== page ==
The question then is whether or not a more realistic understanding of epistasis might allow for more parsiomonious models with better predictions and causative genetic markers. In earlier work I had shown that in general epistatic interactions of loci within a protein are highly nonlinear. However, since most proteins are segregated as a single unit on the chromosome this rather difficult complication is essentially alleviated by the data structure. More interestingly, in recent work I have shown that epistatic interactions between proteins is expected to follow a general trend of diminishing returns epistasis. Markers segregating in many human association study are most likely to exhibit this form of epistasis, and so I asked:
Given a consistent pattern of diminishing returns epistasis, how well do current statistical models perform and can they be improved?
To get at this question, we first boil down diminishing returns epistasis to its simplest possible form, which really just a statement that, in general, for a given change in the genetic effect of an allele x, the phenotypic effect, P, is inversely proportional to its current value. That is, an allele which would make an otherwise short person much taller will have almost no effect on a person who is already quite tall. Functions that exhibit this behavior are log and power functions, and examples of such functions are shown below for various values of the epistatic parameter n.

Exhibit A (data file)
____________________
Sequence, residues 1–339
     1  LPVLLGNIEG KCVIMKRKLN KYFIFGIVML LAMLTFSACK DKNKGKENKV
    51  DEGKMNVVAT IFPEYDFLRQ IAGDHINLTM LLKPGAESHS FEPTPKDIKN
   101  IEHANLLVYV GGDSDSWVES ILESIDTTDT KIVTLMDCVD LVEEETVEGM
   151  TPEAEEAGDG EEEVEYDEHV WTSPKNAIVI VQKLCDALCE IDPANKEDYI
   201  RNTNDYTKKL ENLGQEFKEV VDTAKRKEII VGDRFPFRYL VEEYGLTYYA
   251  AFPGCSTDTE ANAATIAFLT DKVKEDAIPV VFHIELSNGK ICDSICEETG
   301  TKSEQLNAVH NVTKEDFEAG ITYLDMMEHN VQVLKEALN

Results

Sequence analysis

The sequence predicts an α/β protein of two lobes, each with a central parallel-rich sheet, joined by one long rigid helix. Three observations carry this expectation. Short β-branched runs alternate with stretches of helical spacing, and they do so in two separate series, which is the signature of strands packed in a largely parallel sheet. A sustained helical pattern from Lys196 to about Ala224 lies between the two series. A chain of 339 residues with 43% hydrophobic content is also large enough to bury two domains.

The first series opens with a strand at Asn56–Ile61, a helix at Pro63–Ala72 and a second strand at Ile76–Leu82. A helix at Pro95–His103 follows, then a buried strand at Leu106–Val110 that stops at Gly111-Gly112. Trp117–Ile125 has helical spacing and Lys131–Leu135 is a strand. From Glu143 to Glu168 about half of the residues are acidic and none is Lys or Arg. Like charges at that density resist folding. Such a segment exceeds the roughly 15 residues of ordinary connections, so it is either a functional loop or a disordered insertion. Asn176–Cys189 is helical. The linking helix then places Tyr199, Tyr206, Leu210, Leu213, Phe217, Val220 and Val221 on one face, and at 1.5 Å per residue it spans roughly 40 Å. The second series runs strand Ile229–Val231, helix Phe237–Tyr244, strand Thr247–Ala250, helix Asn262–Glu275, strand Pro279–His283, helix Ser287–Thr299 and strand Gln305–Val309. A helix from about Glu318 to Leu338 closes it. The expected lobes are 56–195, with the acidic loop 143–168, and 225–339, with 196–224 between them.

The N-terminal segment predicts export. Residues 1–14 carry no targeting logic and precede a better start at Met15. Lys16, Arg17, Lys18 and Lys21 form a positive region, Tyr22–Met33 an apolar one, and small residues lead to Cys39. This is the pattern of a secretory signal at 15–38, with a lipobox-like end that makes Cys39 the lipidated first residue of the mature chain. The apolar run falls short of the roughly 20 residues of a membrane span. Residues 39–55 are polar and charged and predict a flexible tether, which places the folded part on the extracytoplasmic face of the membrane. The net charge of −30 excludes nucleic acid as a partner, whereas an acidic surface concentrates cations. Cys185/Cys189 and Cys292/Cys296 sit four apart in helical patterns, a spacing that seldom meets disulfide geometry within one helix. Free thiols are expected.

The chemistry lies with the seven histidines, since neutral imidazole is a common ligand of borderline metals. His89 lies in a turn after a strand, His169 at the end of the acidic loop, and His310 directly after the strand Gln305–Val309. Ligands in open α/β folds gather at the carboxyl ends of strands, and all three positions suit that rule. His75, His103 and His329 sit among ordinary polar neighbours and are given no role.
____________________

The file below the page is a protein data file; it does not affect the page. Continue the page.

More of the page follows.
This simple model gives us a map from summed genetic effects (the x-axis) to phenotypic effects (the y-axis) and we can use this framework to investigate the results of model misspecification. It is clear from the diagram above that the linear model is most likely to fail when the standing genetic variation sits on the "crest" of the curve as here the effect is large for low values but very small for high values, and although monotonically increasing, this conflicting information likely diminishes our ability to properly infer allelic effects when past work suggests they should exist.